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When anger leads to rumination: Induction of relative right frontal cortical activity with transcranial direct current stimulation increases anger-related rumination

When anger leads to rumination: Induction of relative right frontal cortical activity with transcranial direct current stimulation increases anger-related rumination
When anger leads to rumination: Induction of relative right frontal cortical activity with transcranial direct current stimulation increases anger-related rumination
Anger is associated with various responses. Research on the neuroscience of anger has revealed that greater left than right frontal cortical activity is associated with angry approach-oriented responses, such as aggression, whereas greater right than left frontal cortical activity is associated with inhibited angry responses mixed with anxiety. In the current research, we extended these past studies by manipulating asymmetric frontal cortical activity using transcranial direct current stimulation and assessing its influence on ruminative responses to an interpersonal insult. Results revealed that self-reported rumination was greatest for participants who received a manipulated increase in relative right frontal cortical activity compared with those who received either a manipulated increase in relative left frontal cortical activity or sham stimulation. Taken together with past findings, the current results suggest that anger associated with greater relative left frontal cortical activity predicts approach-oriented aggressive action, whereas anger associated with greater relative right frontal cortical activity predicts inhibited rumination.
0956-7976
475-481
Kelley, Nicholas
445e767b-ad9f-44f2-b2c6-d981482bb90b
Hortensius, Ruud
56a900e8-673e-48e0-94ab-bedaf3844697
Harmon-Jones, Eddie
7db5a96c-612b-4994-922e-8e7d0793a094
Kelley, Nicholas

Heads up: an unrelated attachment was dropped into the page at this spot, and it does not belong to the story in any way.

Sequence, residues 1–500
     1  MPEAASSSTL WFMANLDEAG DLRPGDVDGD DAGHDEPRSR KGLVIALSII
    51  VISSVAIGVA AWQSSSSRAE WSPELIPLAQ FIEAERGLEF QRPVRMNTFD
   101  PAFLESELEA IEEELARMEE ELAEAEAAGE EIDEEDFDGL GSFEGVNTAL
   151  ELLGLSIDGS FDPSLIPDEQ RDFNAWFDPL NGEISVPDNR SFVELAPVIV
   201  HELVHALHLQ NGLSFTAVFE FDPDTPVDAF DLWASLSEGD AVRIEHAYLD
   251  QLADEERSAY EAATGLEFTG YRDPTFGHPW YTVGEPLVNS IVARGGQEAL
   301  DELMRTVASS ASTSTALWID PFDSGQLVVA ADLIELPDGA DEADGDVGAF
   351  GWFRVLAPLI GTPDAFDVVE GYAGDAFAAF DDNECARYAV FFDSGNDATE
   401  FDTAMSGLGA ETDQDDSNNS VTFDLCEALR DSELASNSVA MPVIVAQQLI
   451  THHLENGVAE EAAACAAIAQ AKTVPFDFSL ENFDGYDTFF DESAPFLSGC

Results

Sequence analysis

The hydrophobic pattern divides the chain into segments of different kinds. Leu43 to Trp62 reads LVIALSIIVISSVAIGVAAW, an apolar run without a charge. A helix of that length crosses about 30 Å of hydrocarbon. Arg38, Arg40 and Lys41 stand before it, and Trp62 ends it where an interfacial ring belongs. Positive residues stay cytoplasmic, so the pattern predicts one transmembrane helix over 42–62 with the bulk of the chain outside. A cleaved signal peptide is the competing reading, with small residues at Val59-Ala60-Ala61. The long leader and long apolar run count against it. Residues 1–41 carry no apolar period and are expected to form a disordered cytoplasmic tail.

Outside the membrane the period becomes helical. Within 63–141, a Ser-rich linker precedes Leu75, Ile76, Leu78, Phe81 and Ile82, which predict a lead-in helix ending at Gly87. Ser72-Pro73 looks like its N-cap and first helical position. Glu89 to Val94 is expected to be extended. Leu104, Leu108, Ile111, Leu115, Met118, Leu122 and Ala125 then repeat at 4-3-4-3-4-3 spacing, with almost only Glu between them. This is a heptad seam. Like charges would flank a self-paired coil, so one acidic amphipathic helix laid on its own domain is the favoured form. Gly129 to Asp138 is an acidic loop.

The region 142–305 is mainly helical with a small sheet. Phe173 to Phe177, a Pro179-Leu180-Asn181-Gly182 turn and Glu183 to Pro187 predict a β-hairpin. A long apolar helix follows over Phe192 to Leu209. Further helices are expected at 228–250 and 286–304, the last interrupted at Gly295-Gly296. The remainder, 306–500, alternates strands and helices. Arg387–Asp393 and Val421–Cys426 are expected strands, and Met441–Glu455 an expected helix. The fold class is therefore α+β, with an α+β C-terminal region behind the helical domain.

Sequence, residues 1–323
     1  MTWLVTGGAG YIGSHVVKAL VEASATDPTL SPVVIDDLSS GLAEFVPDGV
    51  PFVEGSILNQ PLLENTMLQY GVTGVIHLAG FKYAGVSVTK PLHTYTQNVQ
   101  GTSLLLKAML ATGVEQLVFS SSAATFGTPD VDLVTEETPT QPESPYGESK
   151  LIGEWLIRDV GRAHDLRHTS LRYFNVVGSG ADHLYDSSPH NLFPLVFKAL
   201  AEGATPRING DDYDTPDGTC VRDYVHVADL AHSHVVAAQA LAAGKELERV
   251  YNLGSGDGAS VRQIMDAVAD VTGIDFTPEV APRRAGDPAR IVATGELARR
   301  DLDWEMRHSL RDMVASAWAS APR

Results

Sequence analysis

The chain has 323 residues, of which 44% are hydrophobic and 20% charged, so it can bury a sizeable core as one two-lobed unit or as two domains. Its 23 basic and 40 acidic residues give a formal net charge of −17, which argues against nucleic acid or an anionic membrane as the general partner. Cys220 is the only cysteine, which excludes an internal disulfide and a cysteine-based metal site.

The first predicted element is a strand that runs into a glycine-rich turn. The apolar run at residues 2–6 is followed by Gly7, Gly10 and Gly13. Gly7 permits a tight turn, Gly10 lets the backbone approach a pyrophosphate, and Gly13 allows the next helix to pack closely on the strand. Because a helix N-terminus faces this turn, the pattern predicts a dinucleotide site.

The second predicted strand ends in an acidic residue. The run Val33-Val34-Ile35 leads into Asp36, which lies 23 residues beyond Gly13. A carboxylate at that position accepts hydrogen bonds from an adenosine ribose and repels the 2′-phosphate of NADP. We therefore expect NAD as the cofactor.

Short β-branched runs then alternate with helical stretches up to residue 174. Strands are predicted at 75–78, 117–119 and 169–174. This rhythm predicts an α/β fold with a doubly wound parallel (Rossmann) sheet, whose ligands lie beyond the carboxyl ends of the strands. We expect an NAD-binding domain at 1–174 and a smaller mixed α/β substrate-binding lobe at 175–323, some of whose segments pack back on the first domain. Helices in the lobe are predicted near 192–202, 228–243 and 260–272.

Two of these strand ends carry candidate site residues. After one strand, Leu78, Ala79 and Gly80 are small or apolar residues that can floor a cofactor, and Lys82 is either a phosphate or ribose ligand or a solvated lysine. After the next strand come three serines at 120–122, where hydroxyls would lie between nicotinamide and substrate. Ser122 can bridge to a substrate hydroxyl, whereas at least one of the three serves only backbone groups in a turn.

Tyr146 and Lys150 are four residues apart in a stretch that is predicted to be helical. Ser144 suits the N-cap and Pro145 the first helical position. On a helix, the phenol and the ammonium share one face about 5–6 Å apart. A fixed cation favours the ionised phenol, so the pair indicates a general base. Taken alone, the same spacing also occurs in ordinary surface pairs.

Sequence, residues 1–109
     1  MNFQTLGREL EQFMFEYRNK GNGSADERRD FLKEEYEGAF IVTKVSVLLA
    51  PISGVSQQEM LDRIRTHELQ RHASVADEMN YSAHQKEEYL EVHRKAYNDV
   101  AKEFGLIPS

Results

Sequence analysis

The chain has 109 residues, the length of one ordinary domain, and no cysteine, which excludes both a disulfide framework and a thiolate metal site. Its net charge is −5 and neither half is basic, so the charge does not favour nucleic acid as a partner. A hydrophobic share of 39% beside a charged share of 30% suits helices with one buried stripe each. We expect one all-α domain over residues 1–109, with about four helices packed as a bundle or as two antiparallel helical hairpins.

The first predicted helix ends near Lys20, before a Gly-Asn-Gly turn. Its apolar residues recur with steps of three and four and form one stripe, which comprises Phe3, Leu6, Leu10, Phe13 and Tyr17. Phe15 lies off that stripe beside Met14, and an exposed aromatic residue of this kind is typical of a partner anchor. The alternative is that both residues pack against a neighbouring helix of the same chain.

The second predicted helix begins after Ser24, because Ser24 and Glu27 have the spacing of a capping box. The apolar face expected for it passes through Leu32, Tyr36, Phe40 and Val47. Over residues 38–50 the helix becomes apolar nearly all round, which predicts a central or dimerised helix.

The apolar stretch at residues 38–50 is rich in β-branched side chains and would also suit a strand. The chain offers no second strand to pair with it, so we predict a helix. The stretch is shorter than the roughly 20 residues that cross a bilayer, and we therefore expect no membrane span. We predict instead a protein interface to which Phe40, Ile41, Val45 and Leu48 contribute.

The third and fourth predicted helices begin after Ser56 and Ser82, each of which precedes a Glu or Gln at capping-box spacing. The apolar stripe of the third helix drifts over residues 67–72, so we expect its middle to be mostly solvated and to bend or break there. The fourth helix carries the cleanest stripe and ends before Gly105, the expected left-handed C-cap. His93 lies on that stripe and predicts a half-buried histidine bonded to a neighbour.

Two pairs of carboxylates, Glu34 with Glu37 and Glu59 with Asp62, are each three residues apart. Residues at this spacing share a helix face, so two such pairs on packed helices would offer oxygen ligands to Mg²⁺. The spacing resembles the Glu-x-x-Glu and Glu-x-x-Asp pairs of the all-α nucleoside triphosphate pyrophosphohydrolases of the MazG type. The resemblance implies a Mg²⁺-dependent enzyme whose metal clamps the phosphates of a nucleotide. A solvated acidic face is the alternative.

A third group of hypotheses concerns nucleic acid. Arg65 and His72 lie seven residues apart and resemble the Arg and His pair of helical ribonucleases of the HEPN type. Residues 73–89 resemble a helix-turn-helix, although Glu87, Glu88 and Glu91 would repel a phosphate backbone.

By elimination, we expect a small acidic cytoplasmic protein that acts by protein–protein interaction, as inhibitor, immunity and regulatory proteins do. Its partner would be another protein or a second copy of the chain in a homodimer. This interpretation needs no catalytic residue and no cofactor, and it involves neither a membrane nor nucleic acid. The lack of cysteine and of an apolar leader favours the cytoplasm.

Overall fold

445e767b-ad9f-44f2-b2c6-d981482bb90b
Hortensius, Ruud
56a900e8-673e-48e0-94ab-bedaf3844697
Harmon-Jones, Eddie
7db5a96c-612b-4994-922e-8e7d0793a094

Kelley, Nicholas, Hortensius, Ruud and Harmon-Jones, Eddie (2013) When anger leads to rumination: Induction of relative right frontal cortical activity with transcranial direct current stimulation increases anger-related rumination. Psychological Science, 24 (4), 475-481. (doi:10.1177/0956797612457384).

Record type: Article

Abstract

Anger is associated with various responses. Research on the neuroscience of anger has revealed that greater left than right frontal cortical activity is associated with angry approach-oriented responses, such as aggression, whereas greater right than left frontal cortical activity is associated with inhibited angry responses mixed with anxiety. In the current research, we extended these past studies by manipulating asymmetric frontal cortical activity using transcranial direct current stimulation and assessing its influence on ruminative responses to an interpersonal insult. Results revealed that self-reported rumination was greatest for participants who received a manipulated increase in relative right frontal cortical activity compared with those who received either a manipulated increase in relative left frontal cortical activity or sham stimulation. Taken together with past findings, the current results suggest that anger associated with greater relative left frontal cortical activity predicts approach-oriented aggressive action, whereas anger associated with greater relative right frontal cortical activity predicts inhibited rumination.

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Accepted/In Press date: 26 June 2012
e-pub ahead of print date: 28 February 2013
Published date: April 2013

Identifiers

Local EPrints ID: 432928
URI: https://eprints.soton.ac.uk/id/eprint/432928
ISSN: 0956-7976
PURE UUID: 776d9ace-a006-4f85-bb68-ea47ced5ebc8

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Date deposited: 01 Aug 2019 16:30
Last modified: 01 Aug 2019 16:30

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Contributors

Author: Nicholas Kelley
Author: Ruud Hortensius
Author: Eddie Harmon-Jones

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